Leaders of Jewish, Christian and Muslim groups want to meet with President Bush to discuss a renewed role by the United States in Mideast peace initiatives.

With a newly elected Palestinian leadership and Israel's plans to withdraw from Gaza (search), the United States should take a higher profile role, said a public appeal to the president signed by the 35 religious leaders.

They were formally announcing their appeal at a news conference Thursday.

Mahmoud Abbas (search) won election Sunday as president of the Palestinian Authority, succeeding the late Yasser Arafat.

Coordinating with national religious leaders are leaders in more than a dozen cities. They include Atlanta, Seattle, Portland, San Francisco, Indianapolis, Chicago, Detroit, Minneapolis-St. Paul, Hartford and New Haven, Conn., Baltimore, Charlotte and Durham, N.C., and Washington, D.C.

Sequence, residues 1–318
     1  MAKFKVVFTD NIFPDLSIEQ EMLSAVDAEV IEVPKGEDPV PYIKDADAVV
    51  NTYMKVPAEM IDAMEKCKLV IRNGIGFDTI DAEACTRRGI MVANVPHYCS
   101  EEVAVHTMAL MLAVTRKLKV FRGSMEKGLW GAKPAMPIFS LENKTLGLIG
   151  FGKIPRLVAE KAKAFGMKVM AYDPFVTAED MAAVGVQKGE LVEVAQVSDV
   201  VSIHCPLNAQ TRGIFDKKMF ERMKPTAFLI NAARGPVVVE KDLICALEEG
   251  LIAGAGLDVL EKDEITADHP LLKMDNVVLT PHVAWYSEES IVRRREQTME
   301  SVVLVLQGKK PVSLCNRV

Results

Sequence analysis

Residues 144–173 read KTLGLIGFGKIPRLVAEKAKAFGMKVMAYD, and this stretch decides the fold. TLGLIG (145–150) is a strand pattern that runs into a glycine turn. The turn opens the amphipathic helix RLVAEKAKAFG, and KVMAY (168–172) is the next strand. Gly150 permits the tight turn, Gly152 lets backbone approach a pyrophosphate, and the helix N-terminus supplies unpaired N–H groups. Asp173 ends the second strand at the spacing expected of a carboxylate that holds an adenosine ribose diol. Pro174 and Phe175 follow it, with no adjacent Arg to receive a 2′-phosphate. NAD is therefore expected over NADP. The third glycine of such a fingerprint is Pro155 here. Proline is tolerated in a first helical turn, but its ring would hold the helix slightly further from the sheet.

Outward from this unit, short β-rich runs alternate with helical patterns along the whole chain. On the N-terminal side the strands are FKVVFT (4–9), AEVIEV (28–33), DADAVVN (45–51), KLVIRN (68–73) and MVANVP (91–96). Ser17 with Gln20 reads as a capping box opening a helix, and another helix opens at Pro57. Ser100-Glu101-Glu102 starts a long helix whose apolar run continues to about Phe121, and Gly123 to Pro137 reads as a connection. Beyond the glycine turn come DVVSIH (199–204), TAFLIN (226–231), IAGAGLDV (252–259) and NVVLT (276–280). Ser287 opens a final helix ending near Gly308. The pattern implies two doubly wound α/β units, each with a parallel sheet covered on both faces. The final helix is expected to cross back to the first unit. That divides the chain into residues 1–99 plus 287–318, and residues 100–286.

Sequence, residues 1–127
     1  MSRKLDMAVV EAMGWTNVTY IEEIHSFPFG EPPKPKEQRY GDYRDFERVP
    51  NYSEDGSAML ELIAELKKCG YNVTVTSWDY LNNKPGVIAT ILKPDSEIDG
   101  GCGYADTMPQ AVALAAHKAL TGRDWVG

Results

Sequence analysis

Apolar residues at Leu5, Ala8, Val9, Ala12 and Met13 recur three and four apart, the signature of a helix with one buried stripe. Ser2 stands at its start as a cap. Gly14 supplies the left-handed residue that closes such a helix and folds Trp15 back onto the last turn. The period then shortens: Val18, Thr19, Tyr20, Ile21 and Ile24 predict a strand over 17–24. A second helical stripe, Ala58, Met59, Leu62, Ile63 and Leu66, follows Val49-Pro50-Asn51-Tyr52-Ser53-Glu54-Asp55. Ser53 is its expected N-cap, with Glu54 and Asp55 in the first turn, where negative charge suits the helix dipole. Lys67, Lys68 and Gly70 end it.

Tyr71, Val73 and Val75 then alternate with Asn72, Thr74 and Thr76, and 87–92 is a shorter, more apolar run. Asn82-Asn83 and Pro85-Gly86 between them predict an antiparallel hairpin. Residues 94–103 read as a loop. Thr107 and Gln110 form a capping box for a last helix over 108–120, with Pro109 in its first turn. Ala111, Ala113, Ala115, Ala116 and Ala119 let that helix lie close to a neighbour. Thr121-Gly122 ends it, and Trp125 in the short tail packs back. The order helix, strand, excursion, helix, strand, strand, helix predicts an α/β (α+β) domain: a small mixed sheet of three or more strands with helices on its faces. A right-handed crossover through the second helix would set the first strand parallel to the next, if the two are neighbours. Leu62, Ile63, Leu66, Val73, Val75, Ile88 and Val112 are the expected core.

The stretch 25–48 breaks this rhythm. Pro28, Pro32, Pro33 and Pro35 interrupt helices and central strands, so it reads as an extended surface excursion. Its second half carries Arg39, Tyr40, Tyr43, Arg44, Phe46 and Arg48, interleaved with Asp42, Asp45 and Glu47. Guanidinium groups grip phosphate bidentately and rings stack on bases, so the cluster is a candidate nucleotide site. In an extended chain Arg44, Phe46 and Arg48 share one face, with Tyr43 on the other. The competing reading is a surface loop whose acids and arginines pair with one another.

The leaders are asking that Bush:

— Appoint a special presidential envoy with a full-time commitment to the Mideast. The envoy would coordinate with the European Union, Russian Federation and the U.N. secretary-general to press for the plan signed by Israel and the Palestinians in June 2003. It has stalled, with each side blaming the other for violations of its provisions.

— Negotiate a timetable for specific steps to be taken by the Palestinian Authority and the Israeli government.

— Take the lead to mobilize increased international economic aid to build up the Palestinian Authority's ability to provide security, deliver humanitarian aid and ensure services the Palestinian people.

The group of religious leaders includes representatives from the Roman Catholic, Greek Orthodox, Armenian Apostolic, Lutheran, Presbyterian and Episcopal churches; leaders of the Central Conference of American Rabbis; and leaders of the Secretary-General of the Islamic Society of North America.